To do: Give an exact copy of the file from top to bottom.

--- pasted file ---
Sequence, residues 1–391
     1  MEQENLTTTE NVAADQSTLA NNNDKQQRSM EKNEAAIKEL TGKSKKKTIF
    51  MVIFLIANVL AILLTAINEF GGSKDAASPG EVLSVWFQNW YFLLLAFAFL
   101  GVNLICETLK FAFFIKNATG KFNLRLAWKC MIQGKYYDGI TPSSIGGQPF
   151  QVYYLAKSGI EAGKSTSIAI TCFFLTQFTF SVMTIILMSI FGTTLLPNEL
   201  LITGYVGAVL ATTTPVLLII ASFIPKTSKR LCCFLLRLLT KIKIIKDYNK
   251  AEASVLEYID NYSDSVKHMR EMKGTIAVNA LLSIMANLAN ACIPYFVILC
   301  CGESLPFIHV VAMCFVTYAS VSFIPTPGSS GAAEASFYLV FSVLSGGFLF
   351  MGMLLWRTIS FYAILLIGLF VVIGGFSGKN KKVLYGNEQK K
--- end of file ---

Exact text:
Sequence, residues 1–391
     1  MEQENLTTTE NVAADQSTLA NNNDKQQRSM EKNEAAIKEL TGKSKKKTIF
    51  MVIFLIANVL AILLTAINEF GGSKDAASPG EVLSVWFQNW YFLLLAFAFL
   101  GVNLICETLK FAFFIKNATG KFNLRLAWKC MIQGKYYDGI TPSSIGGQPF
   151  QVYYLAKSGI EAGKSTSIAI TCFFLTQFTF SVMTIILMSI FGTTLLPNEL
   201  LITGYVGAVL ATTTPVLLII ASFIPKTSKR LCCFLLRLLT KIKIIKDYNK
   251  AEASVLEYID NYSDSVKHMR EMKGTIAVNA LLSIMANLAN ACIPYFVILC
   301  CGESLPFIHV VAMCFVTYAS VSFIPTPGSS GAAEASFYLV FSVLSGGFLF
   351  MGMLLWRTIS FYAILLIGLF VVIGGFSGKN KKVLYGNEQK K